Top 30 Cincinnati Prospects: No. 8

David Holmberg got off to a rough start in his first season with Cincinnati, but salvaged it with a strong finish including some solid outings with the Reds after roster expansion. Now in year two he will vie for a spot in the rebuilt Reds rotation.

As this countdown winds down it will be dominated by pitchers occupying seven of the final eight spots. First up is David Holmberg who came into the Cincinnati system one year ago in exchange for Ryan Hanigan. The big (6’3”/225#) southpaw was one of the higher-rated prospects in the Arizona system and profiled as an innings-eater at the MLB level. At that time he figured to spend most of his time at Louisville awaiting the first call for rotation help from the parent team. Unfortunately a quick glance at Holmberg’s 2014 stat line might give an impression that he turned in a clunker in year one with Cincinnati.

He got off to a slow start with the Bats where he finished up the season with a mid-four ERA. In spite of that, injuries in the Reds rotation gave him a couple of MLB starts where he was lit up twice and failed to make it out of third inning. It was a different story when he made it back up after roster expansion however with a sub-two September ernie over 25 MLB innings.

It’s nowhere close to time for lamenting the trade. Hanigan had been a solid, underrated catcher for the Reds for a long time, but it appears he’s in the sunset of his career and Devin Mesoraco’s would have grabbed the lion’s share of catching duties regardless who else was on the roster. More importantly is that Holmberg is still only 23 years old, young for the International League last year where he improved over the course of the season. He went from being bloodied for 20 ER/13.1 IP in his first four starts to 6 ER/31 IP (1.74 ERA) over his next six.

After that his season was interrupted by the I-71 shuttle between Louisville and Cincinnati. His next seven IL games were hit-and-miss over which his ERA was a couple of ticks under four. Three of them were quality starts and he gave up only two and one runs in a couple of others when he did not finish the sixth inning. Overall it appears like his problem wasn’t as much ineffectiveness as it was inconsistency, something that could have been predicted of a 22 year-old debuting in AAA.

Cincinnati is actually the third organization to employ Holmberg after the White Sox drafted him out of a Florida high school with a second round pick in 2009. However, even though he’s “gotten around” he hasn’t “bounced around” because both moves came from transactions involving established MLB veterans. A solid 2013 season at AA Mobile probably got Cincinnati’s attention when he posted a 2.75 ERA while racking up over 150 IP as a 21 year-old. It was almost a full run less than he did with the Bay Bears in the last half of the previous season after a strong start at high-A Visalia earned a promotion.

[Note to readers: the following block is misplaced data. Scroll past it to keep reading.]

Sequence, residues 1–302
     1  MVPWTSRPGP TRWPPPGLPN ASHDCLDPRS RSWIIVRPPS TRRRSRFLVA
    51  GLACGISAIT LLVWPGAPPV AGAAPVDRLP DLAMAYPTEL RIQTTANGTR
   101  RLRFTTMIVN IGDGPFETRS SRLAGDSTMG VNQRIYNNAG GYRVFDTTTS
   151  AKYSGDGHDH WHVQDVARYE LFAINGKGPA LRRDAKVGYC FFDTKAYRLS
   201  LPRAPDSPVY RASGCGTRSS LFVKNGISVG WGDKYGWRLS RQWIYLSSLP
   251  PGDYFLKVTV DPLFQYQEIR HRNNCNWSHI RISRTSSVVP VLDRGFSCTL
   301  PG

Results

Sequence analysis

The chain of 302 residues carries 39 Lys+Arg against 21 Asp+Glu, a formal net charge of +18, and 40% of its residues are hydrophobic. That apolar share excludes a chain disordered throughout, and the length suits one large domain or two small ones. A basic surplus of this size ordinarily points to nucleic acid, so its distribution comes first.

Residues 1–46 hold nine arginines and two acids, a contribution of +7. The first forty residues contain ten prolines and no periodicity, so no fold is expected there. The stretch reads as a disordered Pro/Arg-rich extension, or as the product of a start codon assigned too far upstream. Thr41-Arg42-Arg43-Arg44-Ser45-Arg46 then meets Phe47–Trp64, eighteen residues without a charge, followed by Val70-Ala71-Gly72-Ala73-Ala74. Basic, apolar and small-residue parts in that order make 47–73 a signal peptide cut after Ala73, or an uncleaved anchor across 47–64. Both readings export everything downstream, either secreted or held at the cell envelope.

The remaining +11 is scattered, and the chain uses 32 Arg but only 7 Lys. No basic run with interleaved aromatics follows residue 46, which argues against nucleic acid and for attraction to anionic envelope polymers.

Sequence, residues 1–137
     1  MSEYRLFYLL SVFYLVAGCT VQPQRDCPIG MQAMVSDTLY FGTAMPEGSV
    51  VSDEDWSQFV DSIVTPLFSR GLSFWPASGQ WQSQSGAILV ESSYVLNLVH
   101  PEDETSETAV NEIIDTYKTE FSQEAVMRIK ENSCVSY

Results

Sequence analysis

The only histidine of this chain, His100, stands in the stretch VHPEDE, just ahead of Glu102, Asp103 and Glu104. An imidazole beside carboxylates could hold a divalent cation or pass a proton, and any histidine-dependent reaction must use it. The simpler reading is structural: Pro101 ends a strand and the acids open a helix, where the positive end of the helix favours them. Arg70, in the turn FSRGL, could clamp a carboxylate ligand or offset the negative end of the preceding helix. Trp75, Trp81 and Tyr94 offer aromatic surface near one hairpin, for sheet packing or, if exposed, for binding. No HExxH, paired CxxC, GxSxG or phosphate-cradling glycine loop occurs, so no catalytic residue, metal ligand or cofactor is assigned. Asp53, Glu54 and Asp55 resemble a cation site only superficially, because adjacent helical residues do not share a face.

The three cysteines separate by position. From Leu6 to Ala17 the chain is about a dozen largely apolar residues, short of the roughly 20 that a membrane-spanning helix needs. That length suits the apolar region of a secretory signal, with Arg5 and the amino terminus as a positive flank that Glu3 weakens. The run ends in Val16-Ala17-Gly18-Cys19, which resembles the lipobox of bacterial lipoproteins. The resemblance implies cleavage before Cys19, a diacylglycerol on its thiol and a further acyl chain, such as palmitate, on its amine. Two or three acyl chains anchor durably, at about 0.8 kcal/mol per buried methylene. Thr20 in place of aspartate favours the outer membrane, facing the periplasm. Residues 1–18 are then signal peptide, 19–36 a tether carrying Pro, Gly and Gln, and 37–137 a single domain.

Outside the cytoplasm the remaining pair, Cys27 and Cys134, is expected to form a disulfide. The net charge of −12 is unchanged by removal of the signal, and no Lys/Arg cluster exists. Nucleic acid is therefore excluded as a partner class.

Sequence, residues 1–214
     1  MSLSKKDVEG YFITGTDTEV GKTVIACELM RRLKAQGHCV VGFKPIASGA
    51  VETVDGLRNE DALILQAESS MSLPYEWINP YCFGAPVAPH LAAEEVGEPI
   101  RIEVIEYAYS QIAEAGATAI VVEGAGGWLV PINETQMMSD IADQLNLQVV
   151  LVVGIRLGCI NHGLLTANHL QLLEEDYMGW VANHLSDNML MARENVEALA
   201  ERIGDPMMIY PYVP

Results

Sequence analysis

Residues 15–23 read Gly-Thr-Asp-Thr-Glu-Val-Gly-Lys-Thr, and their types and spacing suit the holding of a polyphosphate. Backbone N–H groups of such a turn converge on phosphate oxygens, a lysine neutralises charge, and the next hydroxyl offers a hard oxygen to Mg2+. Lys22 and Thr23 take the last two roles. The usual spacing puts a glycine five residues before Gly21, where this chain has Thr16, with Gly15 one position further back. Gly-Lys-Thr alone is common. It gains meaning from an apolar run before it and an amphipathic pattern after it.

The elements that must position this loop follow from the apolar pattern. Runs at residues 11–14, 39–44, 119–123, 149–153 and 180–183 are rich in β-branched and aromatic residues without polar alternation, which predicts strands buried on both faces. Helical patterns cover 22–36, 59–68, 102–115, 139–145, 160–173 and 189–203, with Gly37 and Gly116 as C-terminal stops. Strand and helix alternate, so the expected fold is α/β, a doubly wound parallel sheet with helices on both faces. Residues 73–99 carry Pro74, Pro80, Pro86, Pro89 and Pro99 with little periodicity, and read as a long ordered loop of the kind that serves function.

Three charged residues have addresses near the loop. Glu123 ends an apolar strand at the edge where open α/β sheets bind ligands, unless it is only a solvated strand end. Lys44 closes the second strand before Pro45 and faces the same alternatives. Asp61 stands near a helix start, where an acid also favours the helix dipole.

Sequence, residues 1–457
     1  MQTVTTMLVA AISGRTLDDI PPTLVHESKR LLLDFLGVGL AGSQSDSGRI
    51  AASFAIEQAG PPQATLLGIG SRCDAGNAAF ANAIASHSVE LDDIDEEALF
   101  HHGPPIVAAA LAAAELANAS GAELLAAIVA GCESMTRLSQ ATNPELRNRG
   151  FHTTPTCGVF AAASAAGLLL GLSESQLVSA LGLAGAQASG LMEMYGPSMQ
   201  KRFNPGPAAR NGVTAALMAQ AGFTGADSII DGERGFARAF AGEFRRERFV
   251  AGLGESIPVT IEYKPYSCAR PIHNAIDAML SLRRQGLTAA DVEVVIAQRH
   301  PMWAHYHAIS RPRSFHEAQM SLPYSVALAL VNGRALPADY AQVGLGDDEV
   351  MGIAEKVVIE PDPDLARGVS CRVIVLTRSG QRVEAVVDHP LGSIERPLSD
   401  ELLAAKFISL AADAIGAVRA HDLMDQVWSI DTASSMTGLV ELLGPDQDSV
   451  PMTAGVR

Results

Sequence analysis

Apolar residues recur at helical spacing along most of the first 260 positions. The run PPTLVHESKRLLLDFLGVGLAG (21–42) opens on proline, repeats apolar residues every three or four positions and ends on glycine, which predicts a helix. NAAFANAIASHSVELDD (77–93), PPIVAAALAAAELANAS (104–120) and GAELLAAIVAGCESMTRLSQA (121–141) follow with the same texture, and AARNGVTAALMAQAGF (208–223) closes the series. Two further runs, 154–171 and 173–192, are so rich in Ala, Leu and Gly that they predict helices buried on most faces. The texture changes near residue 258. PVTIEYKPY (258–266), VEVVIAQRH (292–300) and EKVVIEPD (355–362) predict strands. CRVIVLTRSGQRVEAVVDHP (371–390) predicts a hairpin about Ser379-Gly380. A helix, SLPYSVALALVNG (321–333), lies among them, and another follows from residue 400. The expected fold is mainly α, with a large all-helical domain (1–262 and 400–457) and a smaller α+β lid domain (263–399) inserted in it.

Holmberg has worked his way through the minors with a finesse game on the mound and a four-seam fastball that tops out in the low-90’s. His strongest pitch is a change-up that arrives in the low-80’s with good drop. He also varies the speed on his fastball with a sinker and mixes in a curveball and slider that are both effective when he’s sharp. He profiles with good command coming out of a smooth three-quarter delivery that projects good durability.

Though he’s coming off a marginal season, his age and finish give good reason for excitement with this prospect. The next challenge for Holmberg is to take ownership of the five-man job in the Reds rotation. Right now it appears he’s probably on the outside looking in behind Mat Latos trade return Anthony DeSclafani. If Tony Cingrani is able to rebound from an injury-riddled sophomore season to regain a rotation spot there may be less interested in a second left-hander. However what, if any, distance he trails can be overcome with a strong spring training. .

Still, bottom line is that the Cincinnati will replace two rotation spots and there is no shortage of question marks with the candidates. Injuries likely affected Cingrani last year, but there’s also concern that MLB hitters are catching up to an overdependence on his fastball. DeSclafani and Matt Magill are unproven at the MLB level. Dylan Axelrod had a few nice outings, but his previous experience led to a departure from the White Sox organization. Cuban defector Raisel Inglesias is a wild card that may end up in the bullpen. On top of that, Homer Bailey has yet to throw off the mound after an offseason surgery for an elbow injury that truncated his season and readiness for opening day is not a lock. Holmberg projects command, pitch variety, and durability; add in some MLB savvy and he may become a left-handed version of Bronson Arroyo. It will be interesting to see if he can start down that road in spring training this year.

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